The price of gold rose about 1 percent on Monday as a sharp pullback in U.S. equities and uncertainty over the outcome of Italy's parliamentary election led to resurgent safe-haven buying, extending bullion's rally to a third day.
Bullion climbed near $1,600 an ounce after conflicting early forecasts of Italy's vote results raised fears that a divided parliament in the debt-laden country could hamper euro zone stability. The S&P 500 index fell almost 2 percent.
Recent comments by top Federal Reserve officials suggesting the U.S. central bank could reduce or halt its asset buying had hit gold's inflation-hedge appeal. Investors now look to Fed Chairman Ben Bernanke's semiannual testimony to Congress this week for clues on the future of U.S. economic stimulus.
"Clearly, gold could be going up ahead of the Bernanke testimony tomorrow. And gold has had quite a wash-out, so on a relative basis it is more attractively priced than other assets," said Axel Merk, chief investment officer of Merk Funds, which manages $630 million in mutual fund assets.
Spot gold rose 0.9 percent to $1,594.14 an ounce by 4:07 p.m. EST (2107 GMT), having hit a high of $1,596.80.
U.S. gold futures for April delivery settled up $13.80 at $1,586.60, with trading volume in line with the 250-day average, preliminary Reuters data showed.
Overall confidence in gold, however, remained fragile, with holdings of the SPDR Gold Trust falling 42.3 tonnes to 1,280.67 tonnes last week, its largest weekly outflow since August 2011.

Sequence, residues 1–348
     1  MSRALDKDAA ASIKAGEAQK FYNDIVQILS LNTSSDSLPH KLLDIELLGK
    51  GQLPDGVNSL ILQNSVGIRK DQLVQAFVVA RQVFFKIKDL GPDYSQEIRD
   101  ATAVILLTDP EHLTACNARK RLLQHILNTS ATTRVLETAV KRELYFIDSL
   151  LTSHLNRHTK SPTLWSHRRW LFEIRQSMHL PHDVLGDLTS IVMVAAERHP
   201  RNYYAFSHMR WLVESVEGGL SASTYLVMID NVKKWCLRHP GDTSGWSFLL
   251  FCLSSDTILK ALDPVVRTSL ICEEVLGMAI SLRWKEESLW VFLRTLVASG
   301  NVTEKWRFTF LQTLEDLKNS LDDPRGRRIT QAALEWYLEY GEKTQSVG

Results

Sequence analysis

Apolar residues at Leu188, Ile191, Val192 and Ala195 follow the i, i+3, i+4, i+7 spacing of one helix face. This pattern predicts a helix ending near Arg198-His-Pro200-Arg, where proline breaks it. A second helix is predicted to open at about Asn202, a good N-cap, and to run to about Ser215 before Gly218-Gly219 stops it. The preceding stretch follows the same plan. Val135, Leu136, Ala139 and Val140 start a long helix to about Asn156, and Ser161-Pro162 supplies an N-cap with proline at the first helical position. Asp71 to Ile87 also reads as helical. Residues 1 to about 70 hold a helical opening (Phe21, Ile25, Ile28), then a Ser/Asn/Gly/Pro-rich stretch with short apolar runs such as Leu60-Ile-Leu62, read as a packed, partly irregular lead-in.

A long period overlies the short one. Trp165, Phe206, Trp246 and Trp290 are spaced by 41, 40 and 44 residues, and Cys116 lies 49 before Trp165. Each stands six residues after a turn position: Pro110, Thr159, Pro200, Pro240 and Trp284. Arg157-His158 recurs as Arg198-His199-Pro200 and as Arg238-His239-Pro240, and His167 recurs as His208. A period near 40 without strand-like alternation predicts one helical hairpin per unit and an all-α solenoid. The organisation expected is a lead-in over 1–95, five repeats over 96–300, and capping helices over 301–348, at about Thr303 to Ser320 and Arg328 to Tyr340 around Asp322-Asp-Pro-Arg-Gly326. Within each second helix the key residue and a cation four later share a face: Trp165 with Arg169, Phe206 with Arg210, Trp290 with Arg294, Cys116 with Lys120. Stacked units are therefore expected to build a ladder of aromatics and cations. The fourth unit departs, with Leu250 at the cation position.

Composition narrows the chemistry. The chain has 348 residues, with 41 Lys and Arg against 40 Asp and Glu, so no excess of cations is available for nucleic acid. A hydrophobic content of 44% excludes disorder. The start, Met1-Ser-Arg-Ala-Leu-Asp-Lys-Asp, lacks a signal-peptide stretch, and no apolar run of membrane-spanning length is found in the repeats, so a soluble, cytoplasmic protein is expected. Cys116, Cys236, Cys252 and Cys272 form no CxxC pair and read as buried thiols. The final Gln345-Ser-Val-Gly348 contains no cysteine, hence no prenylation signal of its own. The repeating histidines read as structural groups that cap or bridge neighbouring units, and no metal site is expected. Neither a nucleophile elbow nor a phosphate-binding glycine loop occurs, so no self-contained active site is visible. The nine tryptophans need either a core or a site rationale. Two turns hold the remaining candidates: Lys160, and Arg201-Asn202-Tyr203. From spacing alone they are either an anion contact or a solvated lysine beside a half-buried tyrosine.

Also underpinning gold was U.S. economic uncertainty related to $85 billion in across-the-board government spending cuts scheduled to take effect on Friday.
"Gold had a 'near-term bottom-out' here. We had a steep selloff in the last few weeks," said Ron Florance, managing director of investment strategy at Wells Fargo Private Bank.
"We think there is a near-term opportunity for a bounce up," Florance said.
The metal tumbled to a seven-month low of $1,554.49 on Thursday.
Hopes for a short-covering rebound grew after hedge funds and money managers had cut their net long gold futures and options positions to a four-year low, analysts said.
"The fact that net longs are now relatively small suggests plenty of scope for a renewed surge in buying, including short-covering," Capital Economics strategists said in a note.
Among other precious metals, silver rose 1.2 percent to $29.02 an ounce.
Platinum eased 0.3 percent to $1,600.75 an ounce, after prices fell to a five-week low of $1,593.45 last week. Palladium inched down 0.1 percent to $734.97 an ounce, having fallen to a one-month low last week.
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